Updated: 9/26/2007 9:23 AM
By: Heidi Zhou
Texas' foster care system could be getting a makeover that stresses cooperation between agencies and a more personal touch with kids.
The Texas Supreme Court held a public hearing Tuesday.
Among those to testify was Trista Miller, a former foster child who now works for Child Protection Services.
"I remember a couple of times, coming to court and there would be a judge just now picking up my file for the first time, and knowing that person had the ability to make decisions that affected my entire life," Miller said.
The state is looking into creating a commission to fix help child protection courts better serve children, youth and families in the foster care system.
Its goals are to lessen the workload for case workers, quickly place kids in permanent families and give the whole system a more personal touch.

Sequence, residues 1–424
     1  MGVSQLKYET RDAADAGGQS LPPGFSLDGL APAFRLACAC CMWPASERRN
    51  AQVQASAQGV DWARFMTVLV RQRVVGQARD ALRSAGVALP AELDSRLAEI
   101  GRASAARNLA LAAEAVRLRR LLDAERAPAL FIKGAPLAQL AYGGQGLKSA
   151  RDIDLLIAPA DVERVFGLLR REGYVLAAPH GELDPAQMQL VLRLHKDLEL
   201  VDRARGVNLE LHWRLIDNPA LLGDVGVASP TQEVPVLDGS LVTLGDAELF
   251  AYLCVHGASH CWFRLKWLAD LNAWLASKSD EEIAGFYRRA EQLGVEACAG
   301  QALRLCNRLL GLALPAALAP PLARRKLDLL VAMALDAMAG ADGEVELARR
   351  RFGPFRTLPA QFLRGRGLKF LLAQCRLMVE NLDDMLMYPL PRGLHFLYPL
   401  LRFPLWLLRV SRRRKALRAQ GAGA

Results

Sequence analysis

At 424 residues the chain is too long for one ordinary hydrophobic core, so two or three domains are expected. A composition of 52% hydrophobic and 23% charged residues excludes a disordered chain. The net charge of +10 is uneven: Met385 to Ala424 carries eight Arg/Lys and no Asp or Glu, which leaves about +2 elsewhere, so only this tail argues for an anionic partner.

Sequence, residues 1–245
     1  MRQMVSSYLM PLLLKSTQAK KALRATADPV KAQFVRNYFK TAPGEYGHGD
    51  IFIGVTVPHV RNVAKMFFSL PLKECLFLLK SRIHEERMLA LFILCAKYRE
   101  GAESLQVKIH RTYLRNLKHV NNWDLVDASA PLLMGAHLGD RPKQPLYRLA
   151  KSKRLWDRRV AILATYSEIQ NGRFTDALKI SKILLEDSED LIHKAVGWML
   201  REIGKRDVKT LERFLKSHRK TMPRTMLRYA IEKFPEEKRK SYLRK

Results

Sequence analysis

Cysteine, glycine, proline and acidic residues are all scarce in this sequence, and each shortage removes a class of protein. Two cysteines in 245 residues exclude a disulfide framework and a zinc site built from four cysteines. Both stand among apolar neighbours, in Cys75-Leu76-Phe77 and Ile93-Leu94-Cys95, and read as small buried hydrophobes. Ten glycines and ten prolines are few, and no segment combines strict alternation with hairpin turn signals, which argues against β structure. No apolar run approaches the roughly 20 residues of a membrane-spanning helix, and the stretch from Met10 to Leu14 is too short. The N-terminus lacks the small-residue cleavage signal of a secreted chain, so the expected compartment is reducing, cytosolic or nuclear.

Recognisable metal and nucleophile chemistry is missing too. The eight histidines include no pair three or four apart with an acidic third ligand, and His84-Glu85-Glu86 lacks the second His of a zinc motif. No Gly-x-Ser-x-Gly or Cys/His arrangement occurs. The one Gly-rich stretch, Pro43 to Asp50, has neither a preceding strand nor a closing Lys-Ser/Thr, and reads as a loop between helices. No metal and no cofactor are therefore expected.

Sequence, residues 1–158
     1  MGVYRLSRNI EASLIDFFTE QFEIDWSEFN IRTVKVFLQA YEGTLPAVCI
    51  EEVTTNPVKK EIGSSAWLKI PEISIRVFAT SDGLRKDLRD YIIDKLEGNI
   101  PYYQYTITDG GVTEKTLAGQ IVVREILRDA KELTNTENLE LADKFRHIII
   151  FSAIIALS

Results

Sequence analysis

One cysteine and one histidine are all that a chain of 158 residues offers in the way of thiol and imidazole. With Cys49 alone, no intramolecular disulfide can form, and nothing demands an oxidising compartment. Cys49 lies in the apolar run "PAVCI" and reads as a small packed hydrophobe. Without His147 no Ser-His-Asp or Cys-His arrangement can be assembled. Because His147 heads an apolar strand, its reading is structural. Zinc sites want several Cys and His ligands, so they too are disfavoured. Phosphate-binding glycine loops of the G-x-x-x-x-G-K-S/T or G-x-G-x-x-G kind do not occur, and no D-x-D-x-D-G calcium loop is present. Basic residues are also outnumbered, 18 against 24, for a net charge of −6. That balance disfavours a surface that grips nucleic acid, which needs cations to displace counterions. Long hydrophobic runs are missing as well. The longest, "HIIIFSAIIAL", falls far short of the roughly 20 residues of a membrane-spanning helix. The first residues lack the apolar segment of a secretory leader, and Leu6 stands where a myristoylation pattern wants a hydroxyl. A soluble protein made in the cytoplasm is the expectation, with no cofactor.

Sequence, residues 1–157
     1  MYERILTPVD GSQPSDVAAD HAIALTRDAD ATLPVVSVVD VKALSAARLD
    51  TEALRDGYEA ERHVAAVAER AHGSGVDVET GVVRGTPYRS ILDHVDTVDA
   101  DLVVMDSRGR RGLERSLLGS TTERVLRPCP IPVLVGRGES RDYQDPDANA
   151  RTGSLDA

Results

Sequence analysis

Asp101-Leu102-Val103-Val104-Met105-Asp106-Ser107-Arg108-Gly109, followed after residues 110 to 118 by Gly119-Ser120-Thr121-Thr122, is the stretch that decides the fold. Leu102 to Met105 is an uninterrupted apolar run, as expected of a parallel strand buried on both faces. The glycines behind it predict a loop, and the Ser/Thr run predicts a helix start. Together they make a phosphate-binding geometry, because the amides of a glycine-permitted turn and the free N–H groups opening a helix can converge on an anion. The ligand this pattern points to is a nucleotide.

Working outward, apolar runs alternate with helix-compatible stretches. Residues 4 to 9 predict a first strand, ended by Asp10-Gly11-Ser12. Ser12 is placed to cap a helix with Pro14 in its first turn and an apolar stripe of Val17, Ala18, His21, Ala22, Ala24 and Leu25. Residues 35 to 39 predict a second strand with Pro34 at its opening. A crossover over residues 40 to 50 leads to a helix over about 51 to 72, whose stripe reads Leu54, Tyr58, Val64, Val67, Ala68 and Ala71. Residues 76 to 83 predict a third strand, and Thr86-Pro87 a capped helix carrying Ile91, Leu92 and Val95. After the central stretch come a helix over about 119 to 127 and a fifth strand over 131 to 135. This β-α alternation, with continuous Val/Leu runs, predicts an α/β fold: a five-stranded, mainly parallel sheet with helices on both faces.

The lives of about 20,000 foster children in Texas will be affected by Supreme Court's decision. A judge decides where a child will live, with whom and for how long. The new committee will make sure those decisions are responsible.
"You would have the leadership in the community and they'd work with the courts, the Legislature, with the attorney general, whomever we could to improve the state of the system for kids," retired District Court Judge John Specia said.
"We want to build a culture of hope with our children, to let them know that we care about their well-being," 388th District Court Judge Patricia Macias said.
And it's very likely children will be getting that message because the commission is on the brink of approval. Its numerous supporters include the justices themselves.
"To allow the child to have a voice in court, that's one of the key recommendations. Children have a voice in their future," Justice Harriet O'Neill said.
If approved, the commission would be made up of about 20 court-appointed members. It would have oversight of child protection courts and agencies, and be at work by the end of the year.
Emphasis added by H4K Editor